I hate writing in a diary. This probably surprises you considering the copious amounts of blather produced on this blog. There are plenty of notebooks full of scribbles, and even a couple of magical/spiritual diaries that I started and never kept up. For a long time both the discipline of maintaining a diary, and focusing so much on myself, seemed impossible. Blogging has, in a strange way, resolved these issues. For over a year I updated this blog at least once a day, and I’ve spent more time talking about other things, only sometimes writing about myself. In short, I’ve acquired the discipline, and also the desire to focus on my own private impressions without broadcasting them to the world.
So I’m rather absurdly proud, even after over a decade of practice and study, that I’ve managed to keep a diary for two weeks straight. The lameness of this small accomplishment is not affecting the great pride I take in it.
I know diaries are important. I know it’s important to be able to look back and see how you have grown and evolved, at the insights gleaned, at the patterns discovered, at how brilliant you can be, and at how incredibly foolish and vain you can be. I know all of this. Knowing a diary is important has no impact on how much I truly loathe keeping one.
Yet I’m giving it a good earnest try, and hopefully have gained enough maturity, discipline and wisdom by now to not give up on the project. It’s important for me to keep a record of my thought process and practice at this point in my life. Not only am I undergoing a somewhat painful, annoying and joyful internal spiritual evolution, but that evolution is also causing me to make some significant, palpable changes in my practice.
Making a change in your life, even a positive one can be mildly traumatic. You are building something new and destroying something old. Aidan Kelly pointed out to me that in speaking of my crisis of faith I was listing the stages of grief. After a period of time practicing and internalizing certain views, it can be both a relief and a source of great sorrow to have that comfortable and familiar way of being pulled from you. It leaves you with a terrible sucking noise, like the ocean pulling away from the shore as the tide goes out.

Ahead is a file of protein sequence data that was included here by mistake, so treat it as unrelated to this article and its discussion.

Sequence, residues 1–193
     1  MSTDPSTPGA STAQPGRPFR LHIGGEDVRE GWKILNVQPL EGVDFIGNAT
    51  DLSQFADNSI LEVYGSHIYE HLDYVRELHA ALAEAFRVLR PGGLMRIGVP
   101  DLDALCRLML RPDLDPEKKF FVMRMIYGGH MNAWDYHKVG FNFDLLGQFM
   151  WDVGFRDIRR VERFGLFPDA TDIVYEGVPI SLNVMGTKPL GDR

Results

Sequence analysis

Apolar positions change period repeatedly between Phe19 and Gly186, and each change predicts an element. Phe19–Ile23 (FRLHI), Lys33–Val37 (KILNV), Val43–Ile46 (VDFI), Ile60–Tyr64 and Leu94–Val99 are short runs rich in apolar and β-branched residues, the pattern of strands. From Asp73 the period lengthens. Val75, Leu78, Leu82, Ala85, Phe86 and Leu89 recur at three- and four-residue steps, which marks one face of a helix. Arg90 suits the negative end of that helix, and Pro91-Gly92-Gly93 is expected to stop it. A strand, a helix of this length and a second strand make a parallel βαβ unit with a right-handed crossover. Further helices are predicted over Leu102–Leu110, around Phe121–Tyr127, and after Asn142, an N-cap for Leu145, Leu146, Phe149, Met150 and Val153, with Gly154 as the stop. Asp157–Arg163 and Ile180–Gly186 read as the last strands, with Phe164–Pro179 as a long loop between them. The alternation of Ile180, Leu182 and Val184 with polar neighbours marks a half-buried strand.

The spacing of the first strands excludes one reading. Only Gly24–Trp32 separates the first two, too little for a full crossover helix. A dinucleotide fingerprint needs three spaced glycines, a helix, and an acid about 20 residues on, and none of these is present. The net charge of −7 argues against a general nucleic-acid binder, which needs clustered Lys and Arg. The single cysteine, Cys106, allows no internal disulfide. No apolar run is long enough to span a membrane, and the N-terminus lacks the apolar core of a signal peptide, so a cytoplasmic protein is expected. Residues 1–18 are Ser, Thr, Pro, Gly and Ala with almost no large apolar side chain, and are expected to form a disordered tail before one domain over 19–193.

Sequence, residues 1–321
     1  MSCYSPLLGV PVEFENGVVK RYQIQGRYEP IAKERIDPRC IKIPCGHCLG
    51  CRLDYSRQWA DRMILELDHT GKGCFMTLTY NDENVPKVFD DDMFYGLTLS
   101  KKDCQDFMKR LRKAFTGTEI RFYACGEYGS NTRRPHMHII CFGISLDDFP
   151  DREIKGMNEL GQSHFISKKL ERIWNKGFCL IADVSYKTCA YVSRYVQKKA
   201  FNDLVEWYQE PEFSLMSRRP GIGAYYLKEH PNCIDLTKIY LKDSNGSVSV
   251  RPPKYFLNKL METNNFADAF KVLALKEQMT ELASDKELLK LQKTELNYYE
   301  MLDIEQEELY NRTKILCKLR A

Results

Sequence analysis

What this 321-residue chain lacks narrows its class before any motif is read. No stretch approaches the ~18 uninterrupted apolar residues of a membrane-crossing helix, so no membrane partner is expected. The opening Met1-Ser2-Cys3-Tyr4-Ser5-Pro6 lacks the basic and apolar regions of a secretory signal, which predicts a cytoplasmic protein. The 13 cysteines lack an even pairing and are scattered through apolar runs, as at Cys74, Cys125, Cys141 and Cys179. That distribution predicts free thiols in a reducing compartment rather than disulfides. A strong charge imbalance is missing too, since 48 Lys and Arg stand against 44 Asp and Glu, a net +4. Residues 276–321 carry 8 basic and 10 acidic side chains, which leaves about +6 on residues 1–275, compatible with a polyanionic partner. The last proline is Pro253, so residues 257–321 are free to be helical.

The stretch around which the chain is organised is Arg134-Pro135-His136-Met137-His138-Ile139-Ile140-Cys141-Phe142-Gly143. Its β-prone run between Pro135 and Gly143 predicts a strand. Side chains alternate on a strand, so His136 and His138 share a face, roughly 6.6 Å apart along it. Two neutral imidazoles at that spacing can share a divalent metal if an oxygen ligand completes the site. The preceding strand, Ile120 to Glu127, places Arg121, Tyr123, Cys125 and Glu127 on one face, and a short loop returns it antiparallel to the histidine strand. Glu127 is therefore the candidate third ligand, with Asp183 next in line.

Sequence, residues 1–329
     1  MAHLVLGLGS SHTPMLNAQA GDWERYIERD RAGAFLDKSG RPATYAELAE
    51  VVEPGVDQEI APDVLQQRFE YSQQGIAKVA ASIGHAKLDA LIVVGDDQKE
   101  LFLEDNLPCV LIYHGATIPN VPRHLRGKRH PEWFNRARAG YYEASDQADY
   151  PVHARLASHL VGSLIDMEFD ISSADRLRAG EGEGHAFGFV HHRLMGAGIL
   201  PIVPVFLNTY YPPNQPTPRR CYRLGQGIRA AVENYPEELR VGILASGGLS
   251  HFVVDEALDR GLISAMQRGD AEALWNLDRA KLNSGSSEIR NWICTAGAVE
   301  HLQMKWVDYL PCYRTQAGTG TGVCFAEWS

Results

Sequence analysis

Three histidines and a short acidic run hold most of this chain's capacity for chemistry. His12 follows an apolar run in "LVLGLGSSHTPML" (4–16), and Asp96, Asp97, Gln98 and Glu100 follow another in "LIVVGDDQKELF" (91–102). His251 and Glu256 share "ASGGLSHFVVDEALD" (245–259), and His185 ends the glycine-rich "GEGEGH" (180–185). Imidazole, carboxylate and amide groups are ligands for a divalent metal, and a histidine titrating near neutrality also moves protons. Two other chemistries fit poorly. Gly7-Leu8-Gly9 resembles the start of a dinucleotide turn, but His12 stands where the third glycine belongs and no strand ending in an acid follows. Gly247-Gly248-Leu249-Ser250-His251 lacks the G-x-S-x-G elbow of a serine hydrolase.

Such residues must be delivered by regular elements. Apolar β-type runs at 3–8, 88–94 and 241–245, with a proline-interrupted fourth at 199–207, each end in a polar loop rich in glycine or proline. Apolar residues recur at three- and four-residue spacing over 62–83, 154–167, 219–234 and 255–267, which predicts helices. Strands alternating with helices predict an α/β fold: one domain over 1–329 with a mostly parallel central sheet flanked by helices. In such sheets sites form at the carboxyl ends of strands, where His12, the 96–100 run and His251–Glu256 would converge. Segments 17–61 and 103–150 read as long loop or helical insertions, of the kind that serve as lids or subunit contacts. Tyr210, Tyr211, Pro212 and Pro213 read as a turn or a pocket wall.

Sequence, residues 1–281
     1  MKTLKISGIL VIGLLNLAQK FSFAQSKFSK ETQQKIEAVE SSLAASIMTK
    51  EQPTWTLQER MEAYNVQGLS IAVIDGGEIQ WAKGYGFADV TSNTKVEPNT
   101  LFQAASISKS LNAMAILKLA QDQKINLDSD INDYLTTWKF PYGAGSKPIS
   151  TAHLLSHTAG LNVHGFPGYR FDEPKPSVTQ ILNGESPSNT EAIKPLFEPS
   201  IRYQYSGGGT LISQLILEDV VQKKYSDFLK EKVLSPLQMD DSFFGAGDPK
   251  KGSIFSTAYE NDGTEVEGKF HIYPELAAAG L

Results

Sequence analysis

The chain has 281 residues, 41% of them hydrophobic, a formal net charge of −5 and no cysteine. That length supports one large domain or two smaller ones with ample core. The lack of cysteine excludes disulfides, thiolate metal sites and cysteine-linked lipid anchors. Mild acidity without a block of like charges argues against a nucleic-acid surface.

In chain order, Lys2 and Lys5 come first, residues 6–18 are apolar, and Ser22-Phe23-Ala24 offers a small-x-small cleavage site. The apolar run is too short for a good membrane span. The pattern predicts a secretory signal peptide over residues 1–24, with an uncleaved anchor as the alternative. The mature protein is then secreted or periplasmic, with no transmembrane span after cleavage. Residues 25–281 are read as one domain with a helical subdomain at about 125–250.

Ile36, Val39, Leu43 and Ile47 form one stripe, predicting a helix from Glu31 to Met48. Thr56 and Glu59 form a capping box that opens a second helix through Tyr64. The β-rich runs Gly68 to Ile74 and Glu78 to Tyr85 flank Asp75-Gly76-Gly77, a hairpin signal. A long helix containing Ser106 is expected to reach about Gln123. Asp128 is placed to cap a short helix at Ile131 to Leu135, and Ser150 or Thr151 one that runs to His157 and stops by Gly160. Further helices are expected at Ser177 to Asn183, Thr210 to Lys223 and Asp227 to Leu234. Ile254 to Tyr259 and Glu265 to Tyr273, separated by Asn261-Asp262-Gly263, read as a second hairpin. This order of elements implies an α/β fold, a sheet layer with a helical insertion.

In the midst of this change you need a safe place to vent, to grieve, and to work out your own thoughts and feelings. A private place only inhabited by you. That is where a diary is supremely useful. It is a silent witness to your struggle. It gives you no platitudes. It makes no attempt to correct or comfort you. It merely watches and accepts your offerings in silence. It holds up a mirror not only to who you are today, but who you were last week, and who you were three years ago.
So as changes unfold in my spiritual life, embarking on new adventures in meditation, prayer and ritual, it’s pretty important that I buckle down to keeping a diary daily. My Saturn’s return officially took place last October/November (the time of my initiation) leaving a wide swath of debris in it’s wake. When you’re busy picking up the pieces of your life, it’s important to keep a record of what you find. There may be bits of your life that can be pieced back together if you keep a careful inventory of what is whole, what is salvageable, and what is utterly destroyed.
Maybe there needs to be a program for people like me who loathe keeping a diary. Something with chips like AA. Maybe I will tape a pentacle to my closet door for every month of daily diary entries. Perhaps trade 12 pentacles for an ankh, and then see how many ankhs I can earn. Just might work…